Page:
- The Best and Worst Things to Buy in October
- You May Want to Retire in One of These States
- Walmart Offers an Alternative to a Bank Checking Account
- Is Dental Insurance Worth the Cost?
- Could Europe’s Ongoing Economic Troubles Affect Your Retirement?
- A Typo Can Get Your Resume Tossed in the Trash
- Does U.S. Bank Owe You Money?
- Is an Unlimited-Vacation Policy Truly Good for Workers?
If getting big checks in the mail makes people happy, then our country should be laughing out loud this time of year. The IRS says the average tax refund in 2008 amounted to about $2,400. Which mean the average taxpayer is having $200 too much withheld from their average paycheck every month.
Why does it happen? Often because big deductions, like mortgage interest, aren’t figured into withholding allowances.
But there’s a simple solution. It’s perfectly legal to changing the number of allowances on your W-4 so you’ll have less withheld. You can get one from your employer, or download one from the IRS.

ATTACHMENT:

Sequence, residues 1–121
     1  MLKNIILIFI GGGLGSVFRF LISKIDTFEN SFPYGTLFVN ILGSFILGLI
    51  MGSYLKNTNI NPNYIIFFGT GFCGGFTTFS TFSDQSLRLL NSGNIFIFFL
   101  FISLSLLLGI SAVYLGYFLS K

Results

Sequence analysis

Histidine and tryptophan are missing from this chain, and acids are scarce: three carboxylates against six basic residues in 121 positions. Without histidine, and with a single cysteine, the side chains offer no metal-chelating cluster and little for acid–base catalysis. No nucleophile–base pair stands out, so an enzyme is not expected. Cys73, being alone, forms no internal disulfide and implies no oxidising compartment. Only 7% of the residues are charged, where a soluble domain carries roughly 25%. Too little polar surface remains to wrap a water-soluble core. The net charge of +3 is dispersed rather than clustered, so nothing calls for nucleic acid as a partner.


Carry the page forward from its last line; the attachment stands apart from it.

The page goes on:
There’s also a worksheet that will help you figure it out, or even better: use the handy calculator on the IRS website. In less than a minute you can figure out exactly how many allowances you should claim to minimize your withholdings.
Suppose instead of sending $200 a month to Washington, you put it in a mutual fund every month, maybe a 401(k) at work. If you earn 12%, in 10 years you’ll have an extra $50,000. Now that’s painless saving!
Of course, the last thing you want to do is not have enough withheld… so be careful. And if you do adjust your withholding to get fatter paychecks, don’t forget to adjust your savings strategy, too. You’re working for that money, make sure it works for you.